Moneywise’s Edmund Greaves looks back on the legacy of John Clifton Bogle, tracker fund pioneer and founder of Vanguard, which has several funds in the Moneywise First 50 Funds for beginners
John C. Bogle, better known as Jack, is widely credited as the ‘father of the tracker fund’. He died, aged 89, on 16 January this year.
Although perhaps not as widely known in the UK as in the US, the impact of Mr Bogle on modern investing has been profound.
The tracker fund
In the early 1970s there was no such thing as a tracker fund.
If, as a private investor, you wished to have a stake in markets that didn’t involve the risky approach of buying individual company shares, then the only option was an actively managed investment fund or trust. These rely on fund managers to pick a selection of company shares and bonds to invest in on your behalf – a good option for many, but one that costs.
Mr Bogle changed all this.
The tracker fund is a simple concept. Instead of a fund manager being paid a hefty salary to try to beat indices such as the FTSE 100 or S&P 500, a tracker fund invests in all the constituent parts of the nominated index, with the goal of matching its performance.
Mr Bogle describes the rationale in his 2007 book, The Little Book of Common Sense Investing: “Don’t look for the needle in the haystack. Just buy the haystack.”
Mr Bogle’s aim was for funds to operate independently from asset management firms, in a way that would benefit shareholders.
He introduced the world’s first index tracker – the aptly named ‘First Index Investment Trust’ – in 1976. It was criticised as “un-American” and “a sure path to mediocrity,” gathering just $11 million in the first round of funding.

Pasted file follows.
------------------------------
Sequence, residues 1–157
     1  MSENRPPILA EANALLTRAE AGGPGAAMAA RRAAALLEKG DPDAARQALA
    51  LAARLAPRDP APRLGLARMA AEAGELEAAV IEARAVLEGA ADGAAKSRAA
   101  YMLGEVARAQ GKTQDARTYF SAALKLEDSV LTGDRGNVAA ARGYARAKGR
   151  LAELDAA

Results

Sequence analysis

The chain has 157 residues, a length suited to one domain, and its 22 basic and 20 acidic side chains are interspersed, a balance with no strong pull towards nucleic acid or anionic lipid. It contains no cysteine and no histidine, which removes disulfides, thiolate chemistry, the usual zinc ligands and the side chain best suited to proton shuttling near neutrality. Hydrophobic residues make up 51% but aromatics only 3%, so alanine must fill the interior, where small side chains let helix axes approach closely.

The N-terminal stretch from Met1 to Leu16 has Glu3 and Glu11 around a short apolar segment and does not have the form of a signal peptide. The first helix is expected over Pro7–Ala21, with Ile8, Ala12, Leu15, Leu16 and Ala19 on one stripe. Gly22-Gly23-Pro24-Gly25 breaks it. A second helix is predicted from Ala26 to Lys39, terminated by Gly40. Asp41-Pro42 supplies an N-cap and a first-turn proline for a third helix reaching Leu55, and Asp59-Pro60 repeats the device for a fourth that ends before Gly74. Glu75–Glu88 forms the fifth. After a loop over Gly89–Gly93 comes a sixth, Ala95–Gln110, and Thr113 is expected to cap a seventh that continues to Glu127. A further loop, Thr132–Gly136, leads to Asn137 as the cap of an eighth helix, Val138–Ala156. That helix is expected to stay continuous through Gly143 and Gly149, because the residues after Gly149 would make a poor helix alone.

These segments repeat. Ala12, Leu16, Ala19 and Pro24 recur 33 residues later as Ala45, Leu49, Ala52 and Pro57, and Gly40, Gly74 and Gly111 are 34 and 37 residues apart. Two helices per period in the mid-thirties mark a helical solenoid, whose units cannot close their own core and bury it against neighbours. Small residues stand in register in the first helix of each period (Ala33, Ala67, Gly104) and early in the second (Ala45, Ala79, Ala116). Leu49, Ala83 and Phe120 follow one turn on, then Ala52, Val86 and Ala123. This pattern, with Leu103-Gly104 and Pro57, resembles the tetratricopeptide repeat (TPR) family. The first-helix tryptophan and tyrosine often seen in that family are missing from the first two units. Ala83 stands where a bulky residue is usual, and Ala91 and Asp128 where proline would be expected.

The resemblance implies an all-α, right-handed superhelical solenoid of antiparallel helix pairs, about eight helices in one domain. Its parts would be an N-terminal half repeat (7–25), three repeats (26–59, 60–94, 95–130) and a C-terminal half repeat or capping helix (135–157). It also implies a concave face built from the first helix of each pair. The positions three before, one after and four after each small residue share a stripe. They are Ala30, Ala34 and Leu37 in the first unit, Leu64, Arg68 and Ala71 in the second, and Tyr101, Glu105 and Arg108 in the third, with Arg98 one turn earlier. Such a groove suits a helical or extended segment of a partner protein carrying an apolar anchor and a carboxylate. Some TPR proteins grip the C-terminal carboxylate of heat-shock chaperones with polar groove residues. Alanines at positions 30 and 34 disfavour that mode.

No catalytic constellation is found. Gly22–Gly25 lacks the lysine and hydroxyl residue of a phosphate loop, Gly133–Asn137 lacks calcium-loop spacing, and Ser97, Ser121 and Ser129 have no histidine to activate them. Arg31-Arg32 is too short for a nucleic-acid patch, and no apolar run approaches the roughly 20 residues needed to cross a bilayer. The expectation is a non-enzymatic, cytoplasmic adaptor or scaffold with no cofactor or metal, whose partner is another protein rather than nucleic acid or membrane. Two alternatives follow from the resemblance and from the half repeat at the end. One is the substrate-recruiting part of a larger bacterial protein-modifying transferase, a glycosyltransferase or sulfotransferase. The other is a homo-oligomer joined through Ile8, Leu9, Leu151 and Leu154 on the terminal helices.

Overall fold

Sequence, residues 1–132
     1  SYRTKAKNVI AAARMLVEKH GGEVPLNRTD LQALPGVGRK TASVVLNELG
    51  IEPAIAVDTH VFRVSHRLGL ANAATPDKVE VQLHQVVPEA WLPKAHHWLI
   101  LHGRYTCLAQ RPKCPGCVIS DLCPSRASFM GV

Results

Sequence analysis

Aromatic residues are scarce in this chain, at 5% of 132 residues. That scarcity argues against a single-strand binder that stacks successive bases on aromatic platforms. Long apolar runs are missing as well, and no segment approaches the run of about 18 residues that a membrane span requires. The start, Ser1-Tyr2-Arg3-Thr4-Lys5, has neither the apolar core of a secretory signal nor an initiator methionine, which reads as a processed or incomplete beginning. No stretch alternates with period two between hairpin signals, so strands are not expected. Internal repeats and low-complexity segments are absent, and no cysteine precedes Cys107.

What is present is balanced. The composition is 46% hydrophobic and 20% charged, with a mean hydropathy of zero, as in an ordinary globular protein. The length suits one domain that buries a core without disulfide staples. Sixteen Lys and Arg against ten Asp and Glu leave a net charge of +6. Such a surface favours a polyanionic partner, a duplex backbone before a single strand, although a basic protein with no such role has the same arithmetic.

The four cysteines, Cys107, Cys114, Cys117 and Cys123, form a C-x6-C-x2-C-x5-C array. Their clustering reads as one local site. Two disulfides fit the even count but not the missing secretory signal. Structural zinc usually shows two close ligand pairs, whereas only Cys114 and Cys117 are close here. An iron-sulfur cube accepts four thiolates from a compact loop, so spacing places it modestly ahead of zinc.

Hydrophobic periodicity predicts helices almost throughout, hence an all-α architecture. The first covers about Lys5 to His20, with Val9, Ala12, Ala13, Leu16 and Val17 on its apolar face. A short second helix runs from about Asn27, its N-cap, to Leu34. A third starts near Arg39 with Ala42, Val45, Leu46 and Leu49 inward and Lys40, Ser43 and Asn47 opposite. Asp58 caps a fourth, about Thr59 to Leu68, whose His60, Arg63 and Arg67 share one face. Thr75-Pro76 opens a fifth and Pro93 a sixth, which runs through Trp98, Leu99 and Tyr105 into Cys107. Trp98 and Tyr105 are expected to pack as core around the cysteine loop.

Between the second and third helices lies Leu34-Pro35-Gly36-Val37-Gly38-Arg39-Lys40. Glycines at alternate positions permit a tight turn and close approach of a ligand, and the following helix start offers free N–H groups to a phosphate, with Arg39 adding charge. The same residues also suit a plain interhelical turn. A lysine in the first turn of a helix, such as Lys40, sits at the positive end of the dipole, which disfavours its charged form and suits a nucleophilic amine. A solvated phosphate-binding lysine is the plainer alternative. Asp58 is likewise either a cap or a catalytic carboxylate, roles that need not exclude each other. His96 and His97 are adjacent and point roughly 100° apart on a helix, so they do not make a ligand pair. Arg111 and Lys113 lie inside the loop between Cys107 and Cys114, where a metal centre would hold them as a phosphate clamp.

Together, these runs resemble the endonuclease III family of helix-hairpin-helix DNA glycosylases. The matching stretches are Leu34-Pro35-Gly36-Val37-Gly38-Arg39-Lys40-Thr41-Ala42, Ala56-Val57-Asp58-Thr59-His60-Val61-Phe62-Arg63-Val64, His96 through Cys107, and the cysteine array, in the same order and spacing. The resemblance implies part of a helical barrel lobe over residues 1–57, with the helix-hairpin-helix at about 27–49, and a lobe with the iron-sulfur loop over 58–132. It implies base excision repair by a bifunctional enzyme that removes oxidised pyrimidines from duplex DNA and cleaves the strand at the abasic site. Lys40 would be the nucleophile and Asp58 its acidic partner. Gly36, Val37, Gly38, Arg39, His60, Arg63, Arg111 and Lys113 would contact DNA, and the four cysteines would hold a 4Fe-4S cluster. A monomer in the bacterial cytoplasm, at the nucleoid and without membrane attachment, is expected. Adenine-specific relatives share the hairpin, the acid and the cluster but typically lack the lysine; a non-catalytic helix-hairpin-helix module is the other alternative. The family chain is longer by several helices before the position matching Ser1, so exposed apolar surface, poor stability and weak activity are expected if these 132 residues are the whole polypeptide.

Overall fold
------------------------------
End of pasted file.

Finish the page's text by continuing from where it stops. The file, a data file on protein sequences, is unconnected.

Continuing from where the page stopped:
Today the fund is called the Vanguard 500 Index and holds more than $441 billion in assets under management. Furthermore, Mr Bogle's approach is now so popular that nearly all large asset management firms offering index tracker funds to customers.
Passive beats active
Core to the concept of the tracker fund is the idea that investing can be carried out cheaply and efficiently.
A recent study by the European Securities and Markets Authority (ESMA) found that while active funds have a slightly higher ‘gross’ performance, index tracker funds matched their growth once fees are considered.
Index funds can be easier to choose than active funds because you don’t have to consider the fund manager or relative performance; you simply pick an index you would like to track.
The performance of active funds studied by ESMA was an average, which means for every five active funds that outperformed an index, five other funds underperformed. It is possible for an investor, therefore, to pick a loser fund just as easily as a winner.
In effect, the tracker removes the risk of a manager who might make poor decisions and cost the investor capital growth or dividends. However, it also removes the possibility of beating the market.
However, investors can get around this by building an investment portfolio with low-cost tracker funds at its core, with a few actively managed funds on top. This can work particularly well when the active funds focus in markets that are less well researched and there is still room to exploit inefficiencies.
First 50 funds